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Artificial intelligence (AI) is running one of Google’s data centers — or at least the cooling system in said data center. Today in a blog post, the Mountain View, California company said that it has turned over management of cooling controls to an AI-powered recommender system it jointly developed with DeepMind, its U.K.-based AI research subsidiary. Google claims it’s the first fully autonomous model of its kind.

“We wanted to achieve energy savings with less operator overhead,” Dan Fuenffinger, a data center operator at Google, said. “Automating the system enabled us to implement more granular actions at greater frequency, while making fewer mistakes.”

So how does it work? Every five minutes, Google’s cloud-hosted AI grabs data from the thousands of sensors — including temperatures sensors, power meters, and more — in the data center and feeds it into a deep neural network, a type of AI modeled after neurons in the brain. The model takes into account energy consumption and safety constraints before deciding on a course of action, which it delegates to local control systems.

Google data center graph

Above: A graph illustrating cost savings delivered by the AI system.

Image Credit: Google

The AI considers billions of potential actions every five minutes, according to Google, and predicts which are most likely to lead to desirable outcomes. (Actions with low confidence aren’t considered.) To prevent the occasional wrong decision from slipping through, it vets instructions against a list of constraints specified by human operators. And as an added precaution, it’s been trained to prioritize “safety and reliability” over performance and cost savings.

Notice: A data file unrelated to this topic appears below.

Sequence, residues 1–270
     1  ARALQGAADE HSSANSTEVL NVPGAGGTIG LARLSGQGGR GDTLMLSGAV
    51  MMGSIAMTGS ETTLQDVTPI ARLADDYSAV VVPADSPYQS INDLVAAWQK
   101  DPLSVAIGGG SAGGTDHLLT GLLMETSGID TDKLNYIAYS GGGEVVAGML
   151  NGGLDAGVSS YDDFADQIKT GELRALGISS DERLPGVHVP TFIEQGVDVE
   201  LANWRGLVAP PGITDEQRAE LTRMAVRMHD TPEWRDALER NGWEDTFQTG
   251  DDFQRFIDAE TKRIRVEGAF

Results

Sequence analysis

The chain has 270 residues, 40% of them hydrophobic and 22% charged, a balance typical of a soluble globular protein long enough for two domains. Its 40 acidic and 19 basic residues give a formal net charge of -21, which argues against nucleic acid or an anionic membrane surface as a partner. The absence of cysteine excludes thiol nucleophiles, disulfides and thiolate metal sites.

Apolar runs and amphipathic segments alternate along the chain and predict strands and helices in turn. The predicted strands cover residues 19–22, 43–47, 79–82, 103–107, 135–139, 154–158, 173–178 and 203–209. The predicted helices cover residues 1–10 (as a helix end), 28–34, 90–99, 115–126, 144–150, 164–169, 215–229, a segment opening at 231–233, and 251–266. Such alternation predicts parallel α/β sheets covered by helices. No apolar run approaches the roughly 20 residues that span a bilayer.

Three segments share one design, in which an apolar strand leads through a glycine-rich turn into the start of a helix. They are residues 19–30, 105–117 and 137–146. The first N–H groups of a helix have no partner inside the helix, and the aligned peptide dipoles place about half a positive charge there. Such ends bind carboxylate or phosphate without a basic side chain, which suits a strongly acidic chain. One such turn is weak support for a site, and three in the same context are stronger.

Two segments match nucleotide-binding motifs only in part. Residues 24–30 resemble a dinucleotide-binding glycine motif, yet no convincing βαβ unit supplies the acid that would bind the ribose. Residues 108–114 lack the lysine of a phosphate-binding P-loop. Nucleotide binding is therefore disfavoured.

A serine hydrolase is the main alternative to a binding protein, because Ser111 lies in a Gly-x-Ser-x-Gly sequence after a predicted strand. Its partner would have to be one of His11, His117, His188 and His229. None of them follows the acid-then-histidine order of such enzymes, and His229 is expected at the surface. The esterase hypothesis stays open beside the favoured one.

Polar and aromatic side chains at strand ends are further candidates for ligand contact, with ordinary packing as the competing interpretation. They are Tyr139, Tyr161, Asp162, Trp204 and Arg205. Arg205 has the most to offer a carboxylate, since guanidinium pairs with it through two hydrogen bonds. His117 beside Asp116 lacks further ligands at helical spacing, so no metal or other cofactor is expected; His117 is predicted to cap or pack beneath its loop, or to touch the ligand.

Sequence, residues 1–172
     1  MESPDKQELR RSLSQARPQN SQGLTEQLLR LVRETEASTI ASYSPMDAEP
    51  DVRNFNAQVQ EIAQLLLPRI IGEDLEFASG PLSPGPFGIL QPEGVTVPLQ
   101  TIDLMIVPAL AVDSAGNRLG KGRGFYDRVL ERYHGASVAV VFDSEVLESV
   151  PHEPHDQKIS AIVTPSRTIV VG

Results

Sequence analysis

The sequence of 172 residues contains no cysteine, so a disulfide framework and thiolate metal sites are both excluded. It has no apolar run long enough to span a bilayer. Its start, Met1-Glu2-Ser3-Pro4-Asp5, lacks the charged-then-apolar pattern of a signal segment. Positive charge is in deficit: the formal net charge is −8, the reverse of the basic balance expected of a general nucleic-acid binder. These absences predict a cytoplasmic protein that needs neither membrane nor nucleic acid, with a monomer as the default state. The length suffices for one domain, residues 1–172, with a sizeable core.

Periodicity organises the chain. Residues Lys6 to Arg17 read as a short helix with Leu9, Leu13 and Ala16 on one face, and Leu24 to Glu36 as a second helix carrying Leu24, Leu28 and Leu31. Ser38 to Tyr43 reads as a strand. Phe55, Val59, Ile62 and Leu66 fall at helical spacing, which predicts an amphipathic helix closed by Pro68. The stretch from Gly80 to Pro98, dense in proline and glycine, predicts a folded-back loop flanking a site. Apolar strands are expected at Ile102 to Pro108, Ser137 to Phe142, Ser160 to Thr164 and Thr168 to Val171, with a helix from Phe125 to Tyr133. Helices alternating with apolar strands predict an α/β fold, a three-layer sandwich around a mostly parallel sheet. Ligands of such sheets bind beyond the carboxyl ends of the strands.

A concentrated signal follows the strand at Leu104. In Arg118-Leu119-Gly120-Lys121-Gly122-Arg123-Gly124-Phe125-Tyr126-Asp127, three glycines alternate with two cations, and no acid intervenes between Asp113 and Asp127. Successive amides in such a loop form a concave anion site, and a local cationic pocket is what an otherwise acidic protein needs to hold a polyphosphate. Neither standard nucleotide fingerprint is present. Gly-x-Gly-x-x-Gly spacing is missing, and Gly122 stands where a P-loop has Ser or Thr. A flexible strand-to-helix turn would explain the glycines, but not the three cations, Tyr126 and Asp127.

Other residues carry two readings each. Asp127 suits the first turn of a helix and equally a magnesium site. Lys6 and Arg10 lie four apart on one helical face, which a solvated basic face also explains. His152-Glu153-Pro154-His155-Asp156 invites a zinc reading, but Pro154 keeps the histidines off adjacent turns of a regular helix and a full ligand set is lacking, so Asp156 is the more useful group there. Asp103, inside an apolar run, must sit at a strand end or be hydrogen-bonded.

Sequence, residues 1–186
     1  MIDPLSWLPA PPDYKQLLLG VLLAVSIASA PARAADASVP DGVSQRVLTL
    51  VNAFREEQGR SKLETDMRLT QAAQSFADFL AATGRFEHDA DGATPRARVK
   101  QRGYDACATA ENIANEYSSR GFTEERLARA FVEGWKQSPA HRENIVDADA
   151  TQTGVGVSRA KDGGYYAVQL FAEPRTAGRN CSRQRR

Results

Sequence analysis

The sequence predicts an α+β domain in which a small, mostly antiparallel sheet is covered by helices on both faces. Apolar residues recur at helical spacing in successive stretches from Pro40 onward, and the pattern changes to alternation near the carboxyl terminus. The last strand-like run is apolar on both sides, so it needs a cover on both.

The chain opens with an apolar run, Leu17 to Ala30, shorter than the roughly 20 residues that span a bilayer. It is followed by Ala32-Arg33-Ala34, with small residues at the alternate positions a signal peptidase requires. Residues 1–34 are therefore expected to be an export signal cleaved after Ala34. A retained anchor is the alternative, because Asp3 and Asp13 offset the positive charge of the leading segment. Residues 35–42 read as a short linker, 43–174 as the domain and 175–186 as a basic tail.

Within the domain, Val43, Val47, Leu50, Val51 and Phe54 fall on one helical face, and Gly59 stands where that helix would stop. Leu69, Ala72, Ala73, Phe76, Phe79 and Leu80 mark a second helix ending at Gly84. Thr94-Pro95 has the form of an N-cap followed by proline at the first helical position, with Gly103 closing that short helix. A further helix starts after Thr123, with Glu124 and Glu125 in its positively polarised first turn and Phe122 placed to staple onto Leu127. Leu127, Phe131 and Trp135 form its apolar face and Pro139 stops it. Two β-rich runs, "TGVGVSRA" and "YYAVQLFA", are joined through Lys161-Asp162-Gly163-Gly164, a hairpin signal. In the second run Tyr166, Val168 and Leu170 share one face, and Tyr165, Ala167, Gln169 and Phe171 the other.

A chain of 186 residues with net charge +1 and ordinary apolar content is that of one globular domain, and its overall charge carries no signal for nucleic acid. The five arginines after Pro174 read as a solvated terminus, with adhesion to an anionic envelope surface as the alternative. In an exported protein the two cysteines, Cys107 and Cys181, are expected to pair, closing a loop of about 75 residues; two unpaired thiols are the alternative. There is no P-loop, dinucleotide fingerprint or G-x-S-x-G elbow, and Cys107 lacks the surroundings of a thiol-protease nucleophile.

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Already, the system has delivered impressive gains. Over a nine-month period, it increased the data center’s performance from 12 percent to 30 percent, in part by “learning” tricks to manage cooling more efficiently. In the winter, for example, it took advantage of the cold weather to produce “colder than normal” water, which reduced the energy required for cooling within the datacenter.

Joe Kava, vice president of data centers at Google, told MIT Technology Review that the project could generate “millions of dollars” in energy savings and could help lower carbon emissions.

“We’re excited that our direct AI control system is operating safely and dependably, while consistently delivering energy savings,” Google wrote. “However, data centers are just the beginning. In the long term, we think there’s potential to apply this technology in other industrial settings, and help tackle climate change on an even grander scale.”

It’s not the first time Google’s handed a datacenter’s reins over to AI. In 2016, it implemented a system developed by DeepMind that provided recommendations to human overseers. In the Mountain View company’s tests, it achieved a 40 percent reduction in the amount of energy used for cooling and a 15 percent reduction in overall power usage effectiveness — the ratio of the total building’s energy usage to its IT energy usage.

Given that the amount of energy consumed by data centers — which already accounts for 3 percent of global electricity usage and 2 percent of total greenhouse gas emissions — is expected to triple in the next decade, the improvements can’t come fast enough.

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